Please pray

Kiowa Crash at Wheeler AAF

It is reported that both pilots have died. The kids and I were on post - literally across the street - when this happened. I cannot put into words the emotions that are rolling around at the moment - NONE of which come close to comparing to what the families must now go through.

Please pray.



Punchbowl National Cemetery, Memorial Day 2008

The Battle of Lovell's Pond

Cold, cold is the north wind and rude is the blast
That sweeps like a hurricane loudly and fast,
As it moans through the tall waving pines lone and drear,
Sighs a requiem sad o'er the warrior's bier.

The war-whoop is still, and the savage's yell
Has sunk into silence along the wild dell;
The din of the battle, the tumult, is o'er,
And the war-clarion's voice is now heard no more.

The warriors that fought for their country, and bled,
Have sunk to their rest; the damp earth is their bed;
No stone tells the place where their ashes repose,
Nor points out the spot from the graves of their foes.

They died in their glory, surrounded by fame,
And Victory's loud trump their death did proclaim;
They are dead; but they live in each Patriot's breast,
And their names are engraven on honor's bright crest.

- Henry Wadsworth Longfellow

Memorial Day is coming up soon. And I will remember.

I will remember our time in Alaska with Chuck. Sitting in the stands with his wife - pregnant with their second child - a daughter - watching him play softball while we fought off the mosquitoes. I will remember the BBQs and holiday parties where we ooh'd and ahh'd at his baby girl and how "grown up" his son was becoming. And how sweet he and his wife were together. And I will remember sitting at breakfast the morning the helicopter went down and reading the news on the ticker at the bottom of the screen. I will remember thinking, "that was someone we knew" and then putting that out of my mind. I will remember getting a phone call from a mutual friend, telling us that it was Chuck's bird that went down.

I will remember reading the guest post that Maggie had up last year and thinking what an incredible piece it was. I will remember going back and reading it again after Tuc died and having it really hit home.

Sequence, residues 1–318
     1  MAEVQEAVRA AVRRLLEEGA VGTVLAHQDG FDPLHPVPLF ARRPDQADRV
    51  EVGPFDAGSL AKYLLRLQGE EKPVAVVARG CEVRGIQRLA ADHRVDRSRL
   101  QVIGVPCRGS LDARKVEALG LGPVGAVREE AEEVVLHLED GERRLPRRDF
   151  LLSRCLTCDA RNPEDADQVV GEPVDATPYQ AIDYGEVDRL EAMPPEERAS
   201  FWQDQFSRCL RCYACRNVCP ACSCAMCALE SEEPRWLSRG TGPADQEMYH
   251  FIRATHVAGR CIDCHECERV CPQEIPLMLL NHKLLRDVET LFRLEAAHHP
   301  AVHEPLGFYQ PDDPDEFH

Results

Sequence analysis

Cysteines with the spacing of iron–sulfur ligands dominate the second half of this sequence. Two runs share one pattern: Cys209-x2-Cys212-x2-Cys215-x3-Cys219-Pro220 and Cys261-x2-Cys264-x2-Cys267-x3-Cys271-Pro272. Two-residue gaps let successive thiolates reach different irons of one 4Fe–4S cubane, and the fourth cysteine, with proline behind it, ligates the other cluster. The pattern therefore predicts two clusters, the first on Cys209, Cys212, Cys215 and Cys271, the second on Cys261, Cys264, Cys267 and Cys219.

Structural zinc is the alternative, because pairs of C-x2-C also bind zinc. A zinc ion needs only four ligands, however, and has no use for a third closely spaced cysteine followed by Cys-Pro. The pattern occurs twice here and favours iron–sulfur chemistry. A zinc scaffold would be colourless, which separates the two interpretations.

I will remember going to dinner with Mindi. A girls' night out in the middle of a deployment. Something to take our minds off of the daily grind and worries that go along with military life and deployments. I will remember congratulating her on her anniversary. Twelve years. Two kids. Spending anniversaries apart is nothing new to military couples. It's just a date and can be celebrated when he gets back.

I will remember standing in line at the Lantern Floating Ceremony, getting ready to pay my respects to those friends we had already lost. I will remember the phone call that came, telling us that there was yet another name to add to the list. I'll remember that what was a dull ache suddenly became a fresh wound standing there in line. And I will remember thinking how that shock and sorrow could not compare to that which was being felt by his family and friends right then. Or ever.


It is an easy thing - to remember. They are so hard to forget.


- hfs


Miss Crankypants

I do not know what my issue is. But my husband informed me that not only was I cranky today (I knew this) but I was also cranky yesterday (this, I did not realize). I do not know why. Actually, I do...I just can't pinpoint which issue it is that is lighting my fire at the moment.

Forgive me while I vent. If you don't want to listen (ok, read) me whine and moan about my pity party then move on.

Still here? Wow. Well, you asked for it.

My plate is full. FULL. And it isn't full because I've sought out things with which to fill it. It's full because things land in my lap because no one else cares to step up to the plate, so to speak. I do not like being "Plan B".

I've had to take on responsibilities that I didn't ask for and have actually tried to avoid but, for one reason or another, no one else steps up so I do. And, before you all tell me NOT to step up, the things I'm volunteering for are programs that I believe are important - they need to exist. But it irritates me that 10% of the people are doing 90% of the work. And I know that's how it "always" is but that's NOT. RIGHT. And it's getting to the point where something is going to have to give. I'm not sure WHAT will have to give, though I have my suspicions.

I came home the other day and had my nice little world of denial shattered. The black boxes are back. You know, those lovely Pelican boxes? The ones that the guys ship all of their professional gear overseas in when deploying?


I now have several of them in my garage. MacGyver called me the other day to ask me if I could pick one up from the hangar for him (it's too big to fit in his car) which effectively shattered my illusion that this deployment wasn't really looming. Damn thing sat back there - following me, in a sense, all week long. I've managed to play the denial game pretty well thus far, even though I'm knee deep in preparations for it (FRG, Crisis Response Team training, etc.). The mind is an incredible thing and has managed to allow me to wallow in denial.

Until now.

I've moved from denial into "let's hurry up and get this show on the road so we can be done with it as soon as possible" mode. Can't say I'm a fan of this stage. I feel antsy all the time - quite uncomfortable in my own skin. I'm vascillating between frenetic behavior and the overwhelming desire to plop down on the couch with a box of tissues and not get up for a week.